President Obama hosted his annual Iftar dinner, a tradition at the White House originally started under the administration of former President Bill Clinton and organized by then First Lady Hillary Clinton. The guest list was inclusive and consisted of representatives of several American Muslim communities and also the diplomatic corp representing Islamic nations including those in the Middle East, such as Palestine, Jordan and Egypt.
By Ray Hanania
President Barack Obama welcomed Muslims at an Iftar signaling the break in the daily Fast during the Muslim Holy Month of Ramadan, a tradition at the White House started under former President Bill Clinton.
Obama welcomed the Muslim representatives from organizations from several major American cities and also representatives of the Diplomatic Corp from traditionally Islamic nations including countries from the Middle East such as Jordan, Iraq, Egypt and Palestine.
The president entered the mostly quiet room just a few minutes before 9 p.m. Salads were already served and being eaten by the 150 or so invited guests, members of Congress. Ramadan requires fasting until sunset and lasts from June 17 to July 17 this year, according to Google, according to a report issued by the national news media press pool.
Also in attendance were Illinois Senator Dick Durbin, who has been very supportive of Middle East peace, and has been a champion of diversity and confronting bigotry, as was Muslim Congressman Keith Ellison.
The Press Pool Reporter continued, “You don’t have to all be this serious,” Obama said. “You know these are the longest days of the year which is why I’m glad they put down the first course right away.”
Obama said he wanted to recognize inspiring young people, “many of whom I put at my table.” He called Ramadan a time when Muslims recommit themselves to their faith.
“The Koran teaches us that God’s children tread gently on the earth … We affirm that whatever our faith, we are one family.”
Obama mentioned Samantha Elauf, who was sitting at his table, who recently won a Supreme Court case against Abercrombie & Fitch because the company initially wouldn’t let her wear a hijab to work. Obama mentioned he had not spoken before the high court at her age. He also feted (Minnesotan) Munira Khalif, a teenager who just graduated high school, who has spoken in front of the United Nations about women being counted in a census and was accepted to all Ivy League schools. She chose Harvard. Obama said at 18 he also had not spoken in front of a UN panel.
Obama also mentioned Charleston: “Our prayers remain in Charlestown … We insist that no one should be targeted for who they are … how they worship.”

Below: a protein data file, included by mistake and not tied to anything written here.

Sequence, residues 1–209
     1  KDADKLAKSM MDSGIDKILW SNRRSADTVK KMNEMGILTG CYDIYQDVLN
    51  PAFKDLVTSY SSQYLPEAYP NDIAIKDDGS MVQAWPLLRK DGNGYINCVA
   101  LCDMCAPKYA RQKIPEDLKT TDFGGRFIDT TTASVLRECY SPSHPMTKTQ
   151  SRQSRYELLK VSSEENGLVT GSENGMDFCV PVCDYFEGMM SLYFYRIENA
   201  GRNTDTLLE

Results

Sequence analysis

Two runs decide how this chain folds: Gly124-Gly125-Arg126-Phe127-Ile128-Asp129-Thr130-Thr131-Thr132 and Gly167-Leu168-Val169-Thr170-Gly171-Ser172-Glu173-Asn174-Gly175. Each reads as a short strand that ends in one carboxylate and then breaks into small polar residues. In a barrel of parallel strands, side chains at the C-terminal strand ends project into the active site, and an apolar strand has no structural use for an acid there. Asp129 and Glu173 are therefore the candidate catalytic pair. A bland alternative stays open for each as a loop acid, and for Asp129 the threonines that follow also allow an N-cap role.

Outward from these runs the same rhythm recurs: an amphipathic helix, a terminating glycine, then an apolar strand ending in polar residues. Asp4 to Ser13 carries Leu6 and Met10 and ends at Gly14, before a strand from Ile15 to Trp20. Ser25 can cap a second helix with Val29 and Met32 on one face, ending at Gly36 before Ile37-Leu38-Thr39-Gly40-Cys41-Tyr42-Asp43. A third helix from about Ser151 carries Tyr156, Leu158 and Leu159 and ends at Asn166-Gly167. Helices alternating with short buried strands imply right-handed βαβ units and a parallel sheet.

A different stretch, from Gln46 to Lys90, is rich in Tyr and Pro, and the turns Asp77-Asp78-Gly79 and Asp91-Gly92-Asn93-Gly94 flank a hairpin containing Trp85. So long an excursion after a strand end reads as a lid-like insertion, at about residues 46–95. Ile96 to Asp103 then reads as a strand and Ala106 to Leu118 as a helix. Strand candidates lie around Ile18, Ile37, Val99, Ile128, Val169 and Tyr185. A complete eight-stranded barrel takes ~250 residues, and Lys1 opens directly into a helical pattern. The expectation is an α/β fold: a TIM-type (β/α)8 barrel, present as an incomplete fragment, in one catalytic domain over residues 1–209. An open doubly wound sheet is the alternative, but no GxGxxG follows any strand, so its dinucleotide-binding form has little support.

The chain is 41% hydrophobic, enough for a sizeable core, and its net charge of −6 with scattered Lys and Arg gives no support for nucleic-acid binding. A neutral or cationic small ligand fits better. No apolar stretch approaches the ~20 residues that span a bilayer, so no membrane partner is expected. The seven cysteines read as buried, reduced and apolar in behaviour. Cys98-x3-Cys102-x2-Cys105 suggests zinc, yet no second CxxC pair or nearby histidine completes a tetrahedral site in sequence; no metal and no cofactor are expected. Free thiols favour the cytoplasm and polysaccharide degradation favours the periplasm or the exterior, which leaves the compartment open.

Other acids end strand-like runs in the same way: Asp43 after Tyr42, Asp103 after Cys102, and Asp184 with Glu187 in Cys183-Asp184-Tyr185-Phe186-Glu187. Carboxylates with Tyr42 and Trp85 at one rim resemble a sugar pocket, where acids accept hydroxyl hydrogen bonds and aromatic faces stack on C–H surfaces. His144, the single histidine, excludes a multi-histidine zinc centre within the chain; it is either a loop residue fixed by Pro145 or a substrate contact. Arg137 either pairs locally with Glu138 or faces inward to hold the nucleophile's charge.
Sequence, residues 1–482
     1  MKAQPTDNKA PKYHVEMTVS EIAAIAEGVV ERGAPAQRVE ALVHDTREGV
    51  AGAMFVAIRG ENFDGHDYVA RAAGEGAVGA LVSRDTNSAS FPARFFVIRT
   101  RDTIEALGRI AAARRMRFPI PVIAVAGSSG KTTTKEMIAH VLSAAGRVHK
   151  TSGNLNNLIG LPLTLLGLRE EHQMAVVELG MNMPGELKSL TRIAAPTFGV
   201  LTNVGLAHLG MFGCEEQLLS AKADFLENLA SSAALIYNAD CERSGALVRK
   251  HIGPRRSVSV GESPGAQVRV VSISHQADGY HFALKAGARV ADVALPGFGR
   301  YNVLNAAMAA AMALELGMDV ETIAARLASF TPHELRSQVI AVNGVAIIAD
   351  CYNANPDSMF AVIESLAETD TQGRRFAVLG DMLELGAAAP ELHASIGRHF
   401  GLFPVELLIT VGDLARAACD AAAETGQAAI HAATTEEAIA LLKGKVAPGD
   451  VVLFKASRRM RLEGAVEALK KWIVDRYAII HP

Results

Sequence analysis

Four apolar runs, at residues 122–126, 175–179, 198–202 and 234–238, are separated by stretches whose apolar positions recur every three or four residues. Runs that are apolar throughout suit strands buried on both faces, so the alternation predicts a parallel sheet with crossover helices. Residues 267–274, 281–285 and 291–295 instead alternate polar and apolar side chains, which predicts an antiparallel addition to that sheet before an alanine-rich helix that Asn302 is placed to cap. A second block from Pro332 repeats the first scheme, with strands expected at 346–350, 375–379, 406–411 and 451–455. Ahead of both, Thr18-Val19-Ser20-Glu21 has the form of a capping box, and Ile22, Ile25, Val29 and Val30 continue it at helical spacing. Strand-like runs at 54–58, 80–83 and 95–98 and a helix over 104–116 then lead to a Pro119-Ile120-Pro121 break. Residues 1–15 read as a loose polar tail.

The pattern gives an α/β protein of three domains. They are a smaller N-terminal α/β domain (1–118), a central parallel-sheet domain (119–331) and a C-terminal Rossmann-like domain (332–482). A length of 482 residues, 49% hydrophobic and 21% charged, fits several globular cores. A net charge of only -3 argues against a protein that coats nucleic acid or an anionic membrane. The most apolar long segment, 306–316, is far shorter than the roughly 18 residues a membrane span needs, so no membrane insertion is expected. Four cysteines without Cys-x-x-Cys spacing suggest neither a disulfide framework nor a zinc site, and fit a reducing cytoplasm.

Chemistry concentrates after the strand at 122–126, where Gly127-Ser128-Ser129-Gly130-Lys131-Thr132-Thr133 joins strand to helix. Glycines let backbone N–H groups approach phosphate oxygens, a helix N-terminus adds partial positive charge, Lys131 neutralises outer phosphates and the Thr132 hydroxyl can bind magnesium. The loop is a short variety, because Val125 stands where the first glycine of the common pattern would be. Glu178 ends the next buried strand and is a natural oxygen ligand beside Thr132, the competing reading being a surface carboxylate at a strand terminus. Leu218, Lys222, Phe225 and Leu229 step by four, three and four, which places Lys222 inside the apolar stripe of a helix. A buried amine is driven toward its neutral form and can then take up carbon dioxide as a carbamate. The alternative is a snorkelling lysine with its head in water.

He said we need to “stop yelling and start listening.” He mentioned the youngest guest at the dinner is a 16-year-old from New Jersey who started an advocacy organization there.
Obama noted Ramadan required challenge “sacrifice, discipline, patience.” He noted, “together we can overcome ignorance and prejudice.”
He said one of his heroes in the civil rights movement, John Lewis, always said you need to “use your feet” in these struggles.
The media Pool was escorted out of the meeting at about 9:10 p.m, before attendees began the second meal course. The Iftar was held in the East Room where roughly 150 invited guests began eating. The White House sent out some guests earlier.
The menu included: Vegetable salad with rosemary pita chips, lemon lamb, crushed peanut potatoes, French beans, chocolate flourless cake, cherry compote, chai tea, and yogurt sorbet.
The following is President Obama’s speech:
Welcome to the White House. Now, I know that these are the longest days of the year, which is why I’m so glad that they put the first course down right away. (Laughter.) I know you’re hungry, and I promise to be brief.
I want to thank the members of our diplomatic corps who are here today, as well as our members of Congress, and all those serving across government who are joining us. And I especially want to recognize all the inspiring young people who are here today, many of whom I’ve put at my table. To all of you, and to Muslim Americans across the country — Ramadan Kareem.
Our annual White House Iftar recognizes the sacredness of Ramadan to more than 1.5 billion Muslims around the world. It’s a time when Muslims recommit themselves to their faith, following days of discipline with nights of gratitude for the gifts that God bestows. It’s a time of spiritual renewal and a reminder of one’s duty to our fellow man — to serve one another and lift up the less fortunate. The Quran teaches that God’s children should tread gently upon the earth and, when confronted by ignorance, reply “peace.” In honoring these familiar values together — of peace and charity and forgiveness — we affirm that, whatever our faith, we’re all one family.
Our Iftar is also a reminder of the freedoms that bind us together as Americans, including the freedom of religion — that inviolable right to practice our faiths freely. That’s what Samantha Elauf represents. She was determined to defend the right to wear a hijab and to have the same opportunities as everybody else. She went all the way to the Supreme Court — which I didn’t do at her age. (Laughter.) And she won. (Applause.) So, Samantha, we’re very proud of you.
When our values are threatened, we come together as one nation. When three young Muslim Americans were brutally murdered in Chapel Hill earlier this year, Americans of all faiths rallied around that community. And obviously, tonight, our prayers remain with Charleston and Mother Emanuel church. As Americans, we insist that nobody should be targeted because of who they are, or what they look like, who they love, how they worship. We stand united against these hateful acts.